Sunday, January 2, 2011
Radical Muslim brother constructed play of Martian Utopian fiction to make political point about imprisonment in Egypt
According to "Fictional Islam: A Literary Review and Comparative Essay on Islam in Science Fiction and Fantasy," written by Texas A&M librarian Rebecca Hankins and originally published in the journal Foundation: The International Review of Science Fiction (Vol. 105, Spring 2009):
Christian Szyska's "On Utopian Writing in Nasserist Prison and Laicist Turkey"  tackles the use of utopian fiction, "fiction that goes beyond reality in order to depict an imaginary community in its ideal form as an opportunity to reflect upon the present situation." The article presents the activity of writing as a coping mechanism for Muslims incarcerated in an Egyptian prison and as a plot device for a Turkish writer's quest for an Islamic utopia. The essay opens with a discussion of writings by Egyptian political prisoners and their use of the narrative to build an Islamic utopian world that allows them to escape the persecution and alienation they experience within their present societies. These stories are transmitted as plays and dramas that take their inspiration from the writings of one of Islam's more controversial figures, Egyptian political prisoner, the late Sayyid Qutb, a leader within the Muslim Brotherhood, a group that has consistently fought against the secularization of Egypt. The play Szyska critiques is titled Al-bu'd al khamis (1987), written by Ahmad Ra'if, a member of the Muslim Brotherhood and a political prisoner. The story revolves around three characters, two men and a woman, who become disillusioned with planet Earth and decide to emigrate to planet Mars. On Mars they find a utopian system run by the tolerant, intelligent, and non-violent Martians who are undergirded with a moral and religious framework similar to Islam. Szyska notes, "The Martian system mirrors the concept of Islamic government as proposed by Sayyid Qutb and expressed in the concepts of tawhid [oneness of God] and hakimiyya [governance]."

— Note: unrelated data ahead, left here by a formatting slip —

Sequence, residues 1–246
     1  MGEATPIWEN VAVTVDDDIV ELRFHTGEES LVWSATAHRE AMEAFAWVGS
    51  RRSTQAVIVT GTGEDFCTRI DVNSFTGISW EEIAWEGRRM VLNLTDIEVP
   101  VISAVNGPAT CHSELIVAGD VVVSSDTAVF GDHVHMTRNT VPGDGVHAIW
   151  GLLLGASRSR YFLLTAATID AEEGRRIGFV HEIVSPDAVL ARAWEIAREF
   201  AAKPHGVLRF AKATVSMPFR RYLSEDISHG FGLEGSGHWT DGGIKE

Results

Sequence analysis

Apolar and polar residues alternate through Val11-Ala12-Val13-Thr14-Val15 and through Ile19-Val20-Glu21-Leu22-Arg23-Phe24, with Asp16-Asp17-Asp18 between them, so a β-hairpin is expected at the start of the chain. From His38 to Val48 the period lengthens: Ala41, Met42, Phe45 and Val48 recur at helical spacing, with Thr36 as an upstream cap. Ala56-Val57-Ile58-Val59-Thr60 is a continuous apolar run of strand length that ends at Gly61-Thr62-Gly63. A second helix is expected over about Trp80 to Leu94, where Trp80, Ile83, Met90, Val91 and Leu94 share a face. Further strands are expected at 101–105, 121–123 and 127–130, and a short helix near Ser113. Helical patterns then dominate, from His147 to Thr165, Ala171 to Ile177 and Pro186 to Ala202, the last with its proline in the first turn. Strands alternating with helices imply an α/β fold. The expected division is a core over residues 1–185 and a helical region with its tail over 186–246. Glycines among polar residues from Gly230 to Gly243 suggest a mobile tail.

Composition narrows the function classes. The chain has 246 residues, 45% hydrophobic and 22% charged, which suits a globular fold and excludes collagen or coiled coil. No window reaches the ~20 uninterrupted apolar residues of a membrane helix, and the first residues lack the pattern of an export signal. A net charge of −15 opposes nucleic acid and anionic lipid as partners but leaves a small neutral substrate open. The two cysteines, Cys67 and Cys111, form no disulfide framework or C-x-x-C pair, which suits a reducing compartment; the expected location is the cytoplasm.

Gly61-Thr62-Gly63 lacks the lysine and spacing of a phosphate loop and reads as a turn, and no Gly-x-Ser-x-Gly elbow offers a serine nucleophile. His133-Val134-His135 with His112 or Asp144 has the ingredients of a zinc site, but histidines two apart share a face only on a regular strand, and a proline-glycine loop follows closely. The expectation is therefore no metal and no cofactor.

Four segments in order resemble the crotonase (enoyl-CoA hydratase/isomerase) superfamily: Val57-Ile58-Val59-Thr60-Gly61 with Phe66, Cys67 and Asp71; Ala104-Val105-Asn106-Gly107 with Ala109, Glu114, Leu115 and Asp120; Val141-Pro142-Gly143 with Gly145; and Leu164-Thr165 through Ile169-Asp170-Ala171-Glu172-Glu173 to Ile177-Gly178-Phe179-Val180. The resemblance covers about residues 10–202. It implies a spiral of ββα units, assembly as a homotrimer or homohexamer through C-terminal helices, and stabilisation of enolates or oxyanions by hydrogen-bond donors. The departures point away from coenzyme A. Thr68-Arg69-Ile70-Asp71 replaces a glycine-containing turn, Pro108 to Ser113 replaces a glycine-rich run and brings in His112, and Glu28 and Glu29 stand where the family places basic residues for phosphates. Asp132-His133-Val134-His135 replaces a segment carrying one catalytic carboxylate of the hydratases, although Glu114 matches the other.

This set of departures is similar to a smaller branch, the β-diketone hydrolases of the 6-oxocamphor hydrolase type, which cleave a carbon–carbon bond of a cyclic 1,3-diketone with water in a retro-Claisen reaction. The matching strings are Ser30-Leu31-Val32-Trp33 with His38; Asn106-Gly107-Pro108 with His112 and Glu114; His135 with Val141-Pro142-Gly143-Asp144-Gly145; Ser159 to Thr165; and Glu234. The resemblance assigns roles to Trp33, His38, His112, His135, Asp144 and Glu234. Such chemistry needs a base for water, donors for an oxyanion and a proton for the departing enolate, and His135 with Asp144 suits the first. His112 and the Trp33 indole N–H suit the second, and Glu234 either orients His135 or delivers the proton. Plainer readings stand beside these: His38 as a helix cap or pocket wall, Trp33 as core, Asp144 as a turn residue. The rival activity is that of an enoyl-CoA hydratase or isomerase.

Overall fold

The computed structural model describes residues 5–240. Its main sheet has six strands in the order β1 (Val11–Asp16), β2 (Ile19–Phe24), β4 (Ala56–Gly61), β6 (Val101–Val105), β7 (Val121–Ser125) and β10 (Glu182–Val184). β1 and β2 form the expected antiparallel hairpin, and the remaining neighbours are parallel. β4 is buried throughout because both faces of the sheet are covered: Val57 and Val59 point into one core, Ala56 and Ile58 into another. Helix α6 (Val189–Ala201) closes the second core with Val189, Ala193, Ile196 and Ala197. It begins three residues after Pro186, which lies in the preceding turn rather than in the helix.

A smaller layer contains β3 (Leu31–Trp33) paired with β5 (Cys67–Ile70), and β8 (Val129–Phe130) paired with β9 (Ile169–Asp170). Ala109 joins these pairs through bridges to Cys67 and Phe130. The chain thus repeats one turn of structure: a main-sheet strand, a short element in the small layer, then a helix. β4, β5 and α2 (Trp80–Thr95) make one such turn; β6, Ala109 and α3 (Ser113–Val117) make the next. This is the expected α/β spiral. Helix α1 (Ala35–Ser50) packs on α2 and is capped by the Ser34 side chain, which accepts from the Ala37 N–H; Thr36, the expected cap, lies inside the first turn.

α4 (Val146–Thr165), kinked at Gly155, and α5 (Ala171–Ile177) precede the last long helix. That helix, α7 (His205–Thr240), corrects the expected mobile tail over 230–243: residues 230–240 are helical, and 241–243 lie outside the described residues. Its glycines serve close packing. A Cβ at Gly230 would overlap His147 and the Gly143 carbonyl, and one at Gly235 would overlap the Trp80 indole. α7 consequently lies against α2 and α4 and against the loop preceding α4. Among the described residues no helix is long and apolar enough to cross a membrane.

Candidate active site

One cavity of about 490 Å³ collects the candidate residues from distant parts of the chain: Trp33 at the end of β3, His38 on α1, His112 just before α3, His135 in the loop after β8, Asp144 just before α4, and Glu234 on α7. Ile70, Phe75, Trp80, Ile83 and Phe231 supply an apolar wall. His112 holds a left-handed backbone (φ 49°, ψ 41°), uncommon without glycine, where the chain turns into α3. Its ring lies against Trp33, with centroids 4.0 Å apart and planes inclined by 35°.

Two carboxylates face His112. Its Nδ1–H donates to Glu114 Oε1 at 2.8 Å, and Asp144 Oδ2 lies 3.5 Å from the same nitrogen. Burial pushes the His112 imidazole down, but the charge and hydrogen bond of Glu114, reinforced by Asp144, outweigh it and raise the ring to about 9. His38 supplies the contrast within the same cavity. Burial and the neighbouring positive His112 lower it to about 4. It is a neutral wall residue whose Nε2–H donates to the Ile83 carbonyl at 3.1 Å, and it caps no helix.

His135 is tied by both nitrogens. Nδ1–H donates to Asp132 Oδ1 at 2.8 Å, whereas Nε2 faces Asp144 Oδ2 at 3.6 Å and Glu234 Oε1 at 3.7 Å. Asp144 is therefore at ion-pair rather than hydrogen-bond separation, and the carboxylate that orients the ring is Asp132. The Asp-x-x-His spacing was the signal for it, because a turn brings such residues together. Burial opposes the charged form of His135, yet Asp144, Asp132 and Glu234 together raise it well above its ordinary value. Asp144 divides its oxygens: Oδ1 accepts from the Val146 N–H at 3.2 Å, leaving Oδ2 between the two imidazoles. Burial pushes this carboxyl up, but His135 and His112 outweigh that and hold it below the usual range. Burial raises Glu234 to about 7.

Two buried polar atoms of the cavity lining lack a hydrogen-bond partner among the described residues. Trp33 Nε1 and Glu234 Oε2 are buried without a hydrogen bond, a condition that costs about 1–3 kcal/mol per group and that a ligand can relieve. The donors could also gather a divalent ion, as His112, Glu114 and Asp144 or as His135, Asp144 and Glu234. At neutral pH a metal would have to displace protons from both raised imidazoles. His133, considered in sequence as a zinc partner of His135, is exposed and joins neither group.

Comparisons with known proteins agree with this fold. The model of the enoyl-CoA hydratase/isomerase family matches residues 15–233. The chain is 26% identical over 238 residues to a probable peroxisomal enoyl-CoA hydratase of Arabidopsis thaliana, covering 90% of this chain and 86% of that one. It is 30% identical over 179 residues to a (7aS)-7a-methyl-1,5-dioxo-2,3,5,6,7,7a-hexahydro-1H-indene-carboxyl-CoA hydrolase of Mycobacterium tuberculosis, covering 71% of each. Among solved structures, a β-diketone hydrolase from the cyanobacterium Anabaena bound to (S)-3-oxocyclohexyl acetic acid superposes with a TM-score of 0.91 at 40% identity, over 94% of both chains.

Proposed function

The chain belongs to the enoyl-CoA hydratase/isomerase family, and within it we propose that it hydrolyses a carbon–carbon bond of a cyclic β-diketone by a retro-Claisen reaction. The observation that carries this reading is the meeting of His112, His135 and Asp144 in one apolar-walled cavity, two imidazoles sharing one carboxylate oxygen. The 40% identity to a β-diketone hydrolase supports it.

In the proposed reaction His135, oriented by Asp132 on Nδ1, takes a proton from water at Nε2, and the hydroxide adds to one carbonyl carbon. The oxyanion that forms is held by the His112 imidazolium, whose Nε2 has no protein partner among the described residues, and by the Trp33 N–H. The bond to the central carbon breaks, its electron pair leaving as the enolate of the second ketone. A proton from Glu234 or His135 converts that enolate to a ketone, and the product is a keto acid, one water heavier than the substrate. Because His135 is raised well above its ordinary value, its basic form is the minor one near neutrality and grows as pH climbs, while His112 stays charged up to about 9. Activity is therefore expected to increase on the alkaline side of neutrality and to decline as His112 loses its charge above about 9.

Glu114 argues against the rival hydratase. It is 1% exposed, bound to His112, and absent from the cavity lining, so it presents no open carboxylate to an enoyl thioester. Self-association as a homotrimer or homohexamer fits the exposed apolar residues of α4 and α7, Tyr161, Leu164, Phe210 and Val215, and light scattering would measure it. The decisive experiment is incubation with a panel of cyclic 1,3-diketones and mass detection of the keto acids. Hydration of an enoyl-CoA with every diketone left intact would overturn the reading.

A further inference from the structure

Thanks to World SF for the link.